First past the post or proportional representation? How about a bit of both? by Andy Winter

I have for a long time thought that local government would be an ideal place to introduce a combination of first past the post and proportional representation. It would work like this. Reduce the number of councillors to represent each ward to just one, and reduce the number of wards to 16. A further 8 seats could then be allocated on the basis of the proportion of votes cast across the city to those on party lists and, as suggested to me by Jean Calder, a further eight seats to independents voted for by the whole city.

This system would retain a constituency link, and might also encourage others to stand for election through the party lists or as independents.

Ward councillors would not be allowed to chair committees, but their priority would be to look after the interests of their constituents. They should be properly remunerated given that being a councillor is increasingly becoming a full time job. With just 32 councillors, it would be more affordable.

The current system does not allow for good governance. Currently, if the chair of housing or of planning came from, for example, Rottingdean Coastal, they couldn’t be expected to look at the merits of a housing development in Ovingdean on behalf of the city. They would, rightly, look after the interests of their constituents.

However, councillors elected from the lists would be free to take a city-wide view, and ensure that the needs of the whole city are met. They would be the chairs of committees and from their number the whole Council would elect the Leader.

Some people, who wish to represent a political party, could bring expertise and experience that would massively benefit the city but, for various reasons, they are not able to nurture a ward up to an election and for the four years afterwards.

Last week, Labour secured 35.6% of the vote in the local elections, the Conservatives 30.2%, and the Greens 26.2%. In addition to the seats won, their proportion of the vote would have given them three, three and two additional seats respectively.

As for the independents, we could see people elected from the arts, the universities, or the business community, as well as individuals with something to offer.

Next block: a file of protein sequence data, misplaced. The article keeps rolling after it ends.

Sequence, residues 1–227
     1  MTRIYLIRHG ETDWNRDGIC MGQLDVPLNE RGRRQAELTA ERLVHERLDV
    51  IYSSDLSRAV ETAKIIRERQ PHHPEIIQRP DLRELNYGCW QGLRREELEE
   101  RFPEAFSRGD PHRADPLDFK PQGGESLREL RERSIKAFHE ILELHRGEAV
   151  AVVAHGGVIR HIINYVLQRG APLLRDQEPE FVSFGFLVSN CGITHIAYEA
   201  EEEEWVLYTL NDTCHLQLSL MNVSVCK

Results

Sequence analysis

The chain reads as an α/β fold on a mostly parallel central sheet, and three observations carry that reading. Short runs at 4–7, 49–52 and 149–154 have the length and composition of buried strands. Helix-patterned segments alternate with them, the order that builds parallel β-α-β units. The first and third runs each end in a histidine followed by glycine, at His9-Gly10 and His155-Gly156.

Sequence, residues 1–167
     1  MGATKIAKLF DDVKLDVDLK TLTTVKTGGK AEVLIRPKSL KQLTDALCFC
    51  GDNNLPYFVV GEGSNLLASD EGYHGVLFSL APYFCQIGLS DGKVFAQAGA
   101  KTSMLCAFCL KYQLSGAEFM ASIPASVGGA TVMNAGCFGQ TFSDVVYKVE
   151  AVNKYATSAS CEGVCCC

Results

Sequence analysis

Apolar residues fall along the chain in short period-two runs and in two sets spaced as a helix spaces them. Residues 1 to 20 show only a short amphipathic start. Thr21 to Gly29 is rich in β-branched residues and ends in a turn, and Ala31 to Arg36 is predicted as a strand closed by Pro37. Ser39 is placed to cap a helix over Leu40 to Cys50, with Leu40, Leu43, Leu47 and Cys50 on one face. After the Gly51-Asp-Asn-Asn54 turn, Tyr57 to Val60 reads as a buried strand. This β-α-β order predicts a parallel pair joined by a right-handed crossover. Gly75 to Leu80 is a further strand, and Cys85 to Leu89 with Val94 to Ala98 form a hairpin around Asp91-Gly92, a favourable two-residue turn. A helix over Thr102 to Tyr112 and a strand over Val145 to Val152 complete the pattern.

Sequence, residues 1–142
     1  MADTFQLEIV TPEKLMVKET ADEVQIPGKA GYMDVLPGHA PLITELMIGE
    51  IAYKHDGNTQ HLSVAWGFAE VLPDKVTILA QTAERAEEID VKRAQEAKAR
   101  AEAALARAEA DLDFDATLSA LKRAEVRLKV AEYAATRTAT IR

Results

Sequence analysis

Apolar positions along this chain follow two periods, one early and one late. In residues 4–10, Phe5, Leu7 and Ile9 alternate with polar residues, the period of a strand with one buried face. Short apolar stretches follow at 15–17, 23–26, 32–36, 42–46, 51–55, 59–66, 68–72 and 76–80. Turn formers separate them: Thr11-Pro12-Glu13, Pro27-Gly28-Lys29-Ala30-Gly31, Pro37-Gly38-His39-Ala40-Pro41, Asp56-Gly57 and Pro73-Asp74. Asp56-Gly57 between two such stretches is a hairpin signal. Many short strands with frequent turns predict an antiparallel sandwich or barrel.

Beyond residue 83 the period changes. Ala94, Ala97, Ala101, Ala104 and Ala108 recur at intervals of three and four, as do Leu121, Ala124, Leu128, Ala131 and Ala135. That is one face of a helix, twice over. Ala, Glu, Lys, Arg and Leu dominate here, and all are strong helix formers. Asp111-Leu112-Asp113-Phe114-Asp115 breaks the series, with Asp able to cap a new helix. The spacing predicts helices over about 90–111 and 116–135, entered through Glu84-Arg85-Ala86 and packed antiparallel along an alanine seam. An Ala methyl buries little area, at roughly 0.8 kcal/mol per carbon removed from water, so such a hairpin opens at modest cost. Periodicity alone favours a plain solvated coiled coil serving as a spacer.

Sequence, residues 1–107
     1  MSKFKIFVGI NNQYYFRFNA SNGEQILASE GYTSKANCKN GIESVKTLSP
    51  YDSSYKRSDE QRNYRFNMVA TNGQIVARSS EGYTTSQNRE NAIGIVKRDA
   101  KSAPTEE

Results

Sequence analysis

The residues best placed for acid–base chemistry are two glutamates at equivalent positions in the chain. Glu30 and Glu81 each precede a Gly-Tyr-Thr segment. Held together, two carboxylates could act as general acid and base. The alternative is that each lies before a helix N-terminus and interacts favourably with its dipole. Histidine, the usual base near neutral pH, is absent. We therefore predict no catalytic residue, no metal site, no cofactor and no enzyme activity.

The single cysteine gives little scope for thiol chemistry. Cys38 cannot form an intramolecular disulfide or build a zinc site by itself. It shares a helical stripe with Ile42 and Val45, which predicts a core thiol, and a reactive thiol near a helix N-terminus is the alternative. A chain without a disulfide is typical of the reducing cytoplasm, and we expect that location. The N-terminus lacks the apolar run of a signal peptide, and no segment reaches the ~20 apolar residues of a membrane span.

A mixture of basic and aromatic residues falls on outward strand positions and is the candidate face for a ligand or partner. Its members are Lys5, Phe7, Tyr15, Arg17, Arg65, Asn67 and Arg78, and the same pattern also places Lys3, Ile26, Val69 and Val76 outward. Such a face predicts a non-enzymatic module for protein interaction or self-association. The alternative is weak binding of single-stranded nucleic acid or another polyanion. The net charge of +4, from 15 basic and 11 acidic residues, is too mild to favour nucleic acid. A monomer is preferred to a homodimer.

Forgive me if I use myself as an example. I might be able to offer something as a councillor in the areas of housing and homelessness. Currently, to stand any chance of election I would have to join a political party, become an activist, and stand for selection as a candidate. I’ve done that before. I don’t have the time or inclination to put myself through that again.

Many others, far better qualified than I, are excluded from serving because of the current system. The City is the poorer for that.

(This item first appeared in the Brighton and Hove Independent on 15th May 2015)

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3 Responses

  1. By jove, I think you have got it. I particularly warm to Jeans idea of the 25% Independents. I served from 2002 – 2009 on the SEERA and the 30% of people from outside of the Political Parties who included NHS, Universities, Businesses and the voluntary sector made a really substantial contribution, but could not overrule the party voices. It worked very well

  2. An overlooked factor is that some wards are tougher than others. Queen’s Park requires three LATs, such are its problems with social housing and so on. A contrast with, say, Withdean or Hove Park.

    Rottingdean Coastal could yet be interesting. Despite its name, the long territory encompasses a diverse stretch which, with work, could turn it in other directions.

  3. […] would be for a hybrid system similar to that which Andy Winter and Jean Calder argue for in a recent posting of the Brighton Politics Blogger. Because of my wish for a proper debate and for a full range of electoral systems to be […]

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